Guidance and Understanding

OliverGatos

New member
Nov 21, 2023
3
0
Hi all,

This is my first post and hopefully can seek some guidance/comfort from the community.

My father was diagnosed with Alzheimer’s in 2018 and has been in a nursing home since 2021. Since 2022, he has been double incontinent, unable to say words and 75% blind.

Last week my father contracted sepsis for the second time and shortly after was placed on palliative care. The nursing home said that trying to give him food/drink was going to cause him more pain and has not had any food/drink for 4 days now. At times he has displayed traits of pain and discomfort and the staff have been providing morphine injections to help with this.

I don’t want his suffering to prolong and wish that he passes as peacefully as possible as he has zero quality of life. So my question is, has anyone experienced this, and if so, how long was it before your loved one passed?

Thanks
Ollie
 
Last edited:

northumbrian_k

Volunteer Host
Mar 2, 2017
4,307
0
Newcastle
Hi @OliverGatos and welcome to Dementia Support Forum our friendly and helpful community. I am sorry to hear about your father and understand your wish for a peaceful end to his suffering. It is many years since I faced a similar situation with my mother but I remember the mental turmoil and mixed emotions. However long it takes, please know that you can always seek support and understanding here.
 

canary

Registered User
Feb 25, 2014
24,701
0
South coast
Hello @OliverGatos

Im afraid that when someone dies from dementia the process is as you have described.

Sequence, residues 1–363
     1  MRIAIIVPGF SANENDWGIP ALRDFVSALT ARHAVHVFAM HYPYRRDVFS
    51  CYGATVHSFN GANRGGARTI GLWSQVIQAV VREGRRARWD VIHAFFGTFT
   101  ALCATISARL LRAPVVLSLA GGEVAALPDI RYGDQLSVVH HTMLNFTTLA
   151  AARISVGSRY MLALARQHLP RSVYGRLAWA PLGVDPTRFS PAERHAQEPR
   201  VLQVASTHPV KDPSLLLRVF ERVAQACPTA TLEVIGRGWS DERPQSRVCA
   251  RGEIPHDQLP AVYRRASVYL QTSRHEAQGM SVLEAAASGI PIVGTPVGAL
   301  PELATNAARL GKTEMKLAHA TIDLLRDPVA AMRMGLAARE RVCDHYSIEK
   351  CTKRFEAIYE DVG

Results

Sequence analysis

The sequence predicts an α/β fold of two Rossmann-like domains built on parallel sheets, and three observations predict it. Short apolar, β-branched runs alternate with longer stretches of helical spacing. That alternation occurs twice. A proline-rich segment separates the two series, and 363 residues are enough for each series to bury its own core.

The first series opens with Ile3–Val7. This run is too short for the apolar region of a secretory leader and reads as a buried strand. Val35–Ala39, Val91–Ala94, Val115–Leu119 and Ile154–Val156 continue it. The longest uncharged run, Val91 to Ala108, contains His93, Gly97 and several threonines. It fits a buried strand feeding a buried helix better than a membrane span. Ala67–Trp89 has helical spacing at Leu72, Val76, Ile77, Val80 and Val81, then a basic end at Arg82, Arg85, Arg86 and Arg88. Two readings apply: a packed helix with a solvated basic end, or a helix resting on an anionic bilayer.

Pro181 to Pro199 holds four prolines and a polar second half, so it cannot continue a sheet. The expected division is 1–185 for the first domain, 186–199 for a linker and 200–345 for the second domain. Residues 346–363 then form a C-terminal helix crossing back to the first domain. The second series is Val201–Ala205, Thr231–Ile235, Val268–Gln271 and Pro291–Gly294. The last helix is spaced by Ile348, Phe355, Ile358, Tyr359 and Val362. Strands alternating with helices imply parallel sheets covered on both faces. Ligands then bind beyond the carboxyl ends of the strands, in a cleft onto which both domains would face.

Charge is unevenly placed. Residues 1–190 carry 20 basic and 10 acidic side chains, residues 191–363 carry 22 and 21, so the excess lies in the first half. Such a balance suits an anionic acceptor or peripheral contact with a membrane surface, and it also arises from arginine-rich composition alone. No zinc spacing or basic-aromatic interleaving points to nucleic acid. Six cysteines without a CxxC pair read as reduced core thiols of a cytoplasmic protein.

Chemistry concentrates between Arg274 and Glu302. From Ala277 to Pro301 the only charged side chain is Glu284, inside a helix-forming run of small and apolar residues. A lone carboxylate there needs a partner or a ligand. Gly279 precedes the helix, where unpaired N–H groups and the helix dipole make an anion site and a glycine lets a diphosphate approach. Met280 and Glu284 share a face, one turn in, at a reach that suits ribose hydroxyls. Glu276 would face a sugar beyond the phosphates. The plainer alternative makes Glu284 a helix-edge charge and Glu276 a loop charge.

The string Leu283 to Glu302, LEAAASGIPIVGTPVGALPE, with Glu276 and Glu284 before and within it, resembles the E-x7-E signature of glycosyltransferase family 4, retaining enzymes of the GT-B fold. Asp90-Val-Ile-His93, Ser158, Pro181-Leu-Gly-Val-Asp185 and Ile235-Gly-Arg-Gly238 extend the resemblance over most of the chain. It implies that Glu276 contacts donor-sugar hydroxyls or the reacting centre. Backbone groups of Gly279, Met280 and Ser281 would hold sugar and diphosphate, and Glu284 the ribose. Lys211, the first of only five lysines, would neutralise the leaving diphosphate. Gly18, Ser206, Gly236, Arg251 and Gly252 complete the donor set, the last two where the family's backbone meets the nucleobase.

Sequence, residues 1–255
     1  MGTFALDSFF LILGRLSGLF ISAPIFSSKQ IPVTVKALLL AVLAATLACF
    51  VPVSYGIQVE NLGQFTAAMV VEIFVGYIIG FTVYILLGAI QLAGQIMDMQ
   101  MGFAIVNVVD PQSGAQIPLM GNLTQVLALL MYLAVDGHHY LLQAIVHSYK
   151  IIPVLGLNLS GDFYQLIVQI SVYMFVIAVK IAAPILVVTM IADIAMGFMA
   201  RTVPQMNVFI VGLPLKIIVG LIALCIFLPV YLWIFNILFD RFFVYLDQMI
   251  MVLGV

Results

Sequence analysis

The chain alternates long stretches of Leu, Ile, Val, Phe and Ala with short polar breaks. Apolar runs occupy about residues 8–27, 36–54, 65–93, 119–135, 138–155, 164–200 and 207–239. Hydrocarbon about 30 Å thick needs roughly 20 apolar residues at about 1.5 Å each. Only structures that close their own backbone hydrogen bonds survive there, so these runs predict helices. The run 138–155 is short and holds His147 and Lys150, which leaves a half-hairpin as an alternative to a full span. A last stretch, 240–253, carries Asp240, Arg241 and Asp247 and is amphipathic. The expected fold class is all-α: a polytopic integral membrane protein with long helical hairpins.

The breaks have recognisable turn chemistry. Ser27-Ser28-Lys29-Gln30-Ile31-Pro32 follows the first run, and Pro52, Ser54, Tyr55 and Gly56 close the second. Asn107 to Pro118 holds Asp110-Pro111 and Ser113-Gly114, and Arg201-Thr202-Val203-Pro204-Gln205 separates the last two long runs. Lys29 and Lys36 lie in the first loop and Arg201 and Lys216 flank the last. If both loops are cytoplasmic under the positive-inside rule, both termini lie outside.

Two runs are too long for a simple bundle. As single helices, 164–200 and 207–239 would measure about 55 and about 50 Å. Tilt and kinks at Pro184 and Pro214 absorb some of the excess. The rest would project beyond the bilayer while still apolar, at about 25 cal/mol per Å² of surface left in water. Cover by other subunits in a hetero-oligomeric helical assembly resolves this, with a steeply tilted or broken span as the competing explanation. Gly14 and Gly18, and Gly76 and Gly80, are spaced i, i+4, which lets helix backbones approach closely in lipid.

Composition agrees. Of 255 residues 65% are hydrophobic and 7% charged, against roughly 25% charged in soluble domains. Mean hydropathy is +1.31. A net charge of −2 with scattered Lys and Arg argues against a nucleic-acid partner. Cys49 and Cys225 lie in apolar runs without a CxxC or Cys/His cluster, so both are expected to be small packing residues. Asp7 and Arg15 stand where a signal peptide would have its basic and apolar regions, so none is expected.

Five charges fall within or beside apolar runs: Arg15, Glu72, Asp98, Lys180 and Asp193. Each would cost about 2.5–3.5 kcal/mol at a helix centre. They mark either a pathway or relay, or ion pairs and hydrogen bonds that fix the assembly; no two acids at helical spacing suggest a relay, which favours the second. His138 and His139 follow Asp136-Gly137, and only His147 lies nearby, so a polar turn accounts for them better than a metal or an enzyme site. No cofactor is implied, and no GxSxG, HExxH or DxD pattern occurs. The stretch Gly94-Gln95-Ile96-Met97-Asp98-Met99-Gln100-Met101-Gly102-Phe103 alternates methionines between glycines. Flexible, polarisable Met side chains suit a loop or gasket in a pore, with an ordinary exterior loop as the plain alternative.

When my mum died she went 17 days with no food or fluid whatsoever, but your dad is also being overwhelmed by the infection and I think it very unlikely that he will go that long. The staff will keep him pain free and comfortable. My mum was given morphine injections to start with, but was then placed on a syringe driver and passed away peacefully

Look after yourself during this time and dont forget to eat and drink. It is a very harrowing time and I felt like I was living in a twilight world.
((((((((((((((((((((((((((((hugs)))))))))))))))))))))
 

OliverGatos

New member
Nov 21, 2023
3
0
Thanks for your comments and wishes - it’s truly appreciated.

My Father has been unconscious for around 24hrs, therefore the morphine and hyacinth injections have stopped also. My main priority is that he is out of pain and since being unconscious he has not shown any signs of pain or discomfort.

His breathing is shallow then slow, sometimes rattly. It’s day 5 of no liquid or food - it’s baffling how strong he seems, given how unwell he is.
 

Gosling

Volunteer Host
Aug 2, 2022
1,548
0
South West UK
It's just a horrible time for you Ollie @OliverGatos . Try to take some comfort from the fact that your Father is comfortable and pain free. As others have already said, it is truly amazing how long the body can go on without nourishment.
Wishing you strength at this difficult time.
 

OliverGatos

New member
Nov 21, 2023
3
0
Hi All,

My father passed away peacefully last Friday. He was unconscious for the last 48hrs of his life and as he could not feel pain or discomfort - this gave me and my mother peace.

I want to say thank you for the kind words and guidance you gave me during this traumatic time.
 

Izzy

Volunteer Moderator
Aug 31, 2003
73,856
0
72
Dundee
I’m so sorry for you loss @OliverGatos.

I’m glad your father was in no pain

Sending my condolences and wishing you and your family strength.
 

Goldenthyme

New member
Nov 15, 2023
6
0
I am so sorry to read about your father @OliverGates. I am dreading what is to come as I am losing my husband. He is now only eating spasmodically, doesn’t speak or acknowledge me and wants to sleep all the time. I think he wants to go and wants to stay at a distance and in control . He told me this when at home and it would be in character with him. Perhaps it is all my imagination to ease the situation for myself, as I am beginning to get upset when I leave him, but I most certainly respect his wishes. He has been in the nursing home for over a year now and at first, although bedbound and non-conversational , I know the staff loved his smile in the morning and his old jokey sense of humour would show itself. I have taken comfort from this over the year. With all good wishes to all going through this difficult time.